by Emma Hartvickson – Staff Reporter
The new TV series “13 reasons why” was recently released on Netflix, and has swept the nation into a trance. “13 reasons why” delivers a strong message about bullying, suicide and the struggles of high school. Adapted from the novel by Jay Asher,13 reasons raised further speculation in schools, and left many kids thinking about the way they act in school.
“13 reasons why” is what you could call a typical high school soap opera, but in reality, it is so much more than that. High school student, Hannah Baker, seemed to have an amazing life that nobody expected her to end. However, little did they know, she was truly unhappy. The story follows teenager Clay Jensen, in his quest to uncover the story behind his classmate and crush, Hannah, and her decision to end her life. One day, Clay finds a tapped up box addressed to him on his doorstep. He opens it, and finds thirteen tapes, thirteen reasons why Hannah Baker ended her life, and that if you were the one listening, you were one of the reasons.
Rated mature on Netflix, 13 reasons why is a subject raise in our society today, Both the district of Tahoma and Auburn released statements on the subjects relayed in the show, and are suggesting parents keep a tighter watch on what they are letting their kids watch, the following is a message from TAHOMA SCHOOL DISTRICT 409,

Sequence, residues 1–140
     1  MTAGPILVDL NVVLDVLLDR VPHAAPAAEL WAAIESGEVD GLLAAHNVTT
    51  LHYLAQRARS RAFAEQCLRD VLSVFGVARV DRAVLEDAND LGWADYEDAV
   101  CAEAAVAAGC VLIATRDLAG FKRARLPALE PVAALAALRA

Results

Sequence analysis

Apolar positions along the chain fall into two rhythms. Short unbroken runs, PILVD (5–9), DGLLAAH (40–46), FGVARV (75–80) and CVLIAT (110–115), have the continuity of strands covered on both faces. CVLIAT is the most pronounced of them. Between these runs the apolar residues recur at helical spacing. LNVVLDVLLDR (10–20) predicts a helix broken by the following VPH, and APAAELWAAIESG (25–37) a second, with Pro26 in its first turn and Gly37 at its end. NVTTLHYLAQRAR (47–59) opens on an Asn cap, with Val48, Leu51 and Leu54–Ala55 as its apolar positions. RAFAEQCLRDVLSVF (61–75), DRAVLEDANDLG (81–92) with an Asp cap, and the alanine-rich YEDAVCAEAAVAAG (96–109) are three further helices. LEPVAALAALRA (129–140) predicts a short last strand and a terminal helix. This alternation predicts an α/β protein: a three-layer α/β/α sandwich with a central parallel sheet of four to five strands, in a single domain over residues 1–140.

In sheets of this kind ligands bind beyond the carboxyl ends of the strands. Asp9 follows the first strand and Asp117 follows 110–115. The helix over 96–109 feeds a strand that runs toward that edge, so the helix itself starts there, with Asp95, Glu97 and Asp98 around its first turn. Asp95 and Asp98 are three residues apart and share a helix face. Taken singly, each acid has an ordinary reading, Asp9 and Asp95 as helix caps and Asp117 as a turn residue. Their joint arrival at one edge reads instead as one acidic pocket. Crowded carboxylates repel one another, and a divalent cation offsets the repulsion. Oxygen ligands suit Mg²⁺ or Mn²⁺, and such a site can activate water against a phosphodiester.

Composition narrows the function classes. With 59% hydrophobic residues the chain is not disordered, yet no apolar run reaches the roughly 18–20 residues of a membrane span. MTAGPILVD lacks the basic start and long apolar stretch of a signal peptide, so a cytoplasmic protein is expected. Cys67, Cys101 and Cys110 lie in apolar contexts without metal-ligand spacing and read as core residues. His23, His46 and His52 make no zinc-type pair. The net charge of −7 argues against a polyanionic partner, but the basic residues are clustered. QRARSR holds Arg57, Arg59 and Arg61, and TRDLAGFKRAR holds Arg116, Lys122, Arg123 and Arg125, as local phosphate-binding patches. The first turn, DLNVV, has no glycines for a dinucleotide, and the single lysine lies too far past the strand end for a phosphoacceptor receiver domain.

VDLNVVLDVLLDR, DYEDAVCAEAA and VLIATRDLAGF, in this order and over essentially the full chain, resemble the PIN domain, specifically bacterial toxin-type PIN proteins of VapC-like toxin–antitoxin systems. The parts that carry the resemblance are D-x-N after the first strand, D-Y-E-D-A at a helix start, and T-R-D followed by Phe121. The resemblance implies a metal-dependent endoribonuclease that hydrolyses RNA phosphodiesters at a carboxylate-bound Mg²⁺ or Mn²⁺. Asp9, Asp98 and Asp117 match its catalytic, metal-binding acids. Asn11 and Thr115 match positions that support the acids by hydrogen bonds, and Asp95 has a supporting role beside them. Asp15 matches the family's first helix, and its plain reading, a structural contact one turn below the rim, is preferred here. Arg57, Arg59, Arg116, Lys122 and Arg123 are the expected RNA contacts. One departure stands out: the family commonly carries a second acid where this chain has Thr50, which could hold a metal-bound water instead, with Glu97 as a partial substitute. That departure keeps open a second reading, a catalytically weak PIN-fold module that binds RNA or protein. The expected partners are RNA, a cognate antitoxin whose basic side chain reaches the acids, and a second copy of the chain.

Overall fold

Dear Tahoma Family:
“We want to share information with you about a TV program that is creating a lot of conversation, and some concern, around the country because of its focus on teen suicide. The show is on Netflix and is called “13 Reasons Why.” The show is based on a young-adult novel of the same name whose main character, Hannah Baker, 17, takes her own life but leaves behind 13 audio recordings for people who she claims contributed to her death. The story is graphic and compelling, which is why we are reaching out so that families are aware. The school district is not taking a position about whether the program is appropriate for viewing by teens. However, we want you to know that there is considerable discussion among mental-health professionals about the show’s impact and how it can be processed.”
Kids as young as 13-14 years old should not be exposed to, whether it is the book, or the TV show. The subjects and topics, as dark as they seem, are truly a big part of our society today.
What people should learn from the story is how much every little thing you say to someone matters. Each tape you listen too tells of what Hannah experiences daily on a regular basis, and it sickens many to think that these things could ever happen, but they do, and it is under our noses. Many can safely say that they don’t think their school is that way because they have neither experienced or witnessed many events in the show, but back to what was stated before, you never know what is going on in someone else’s life.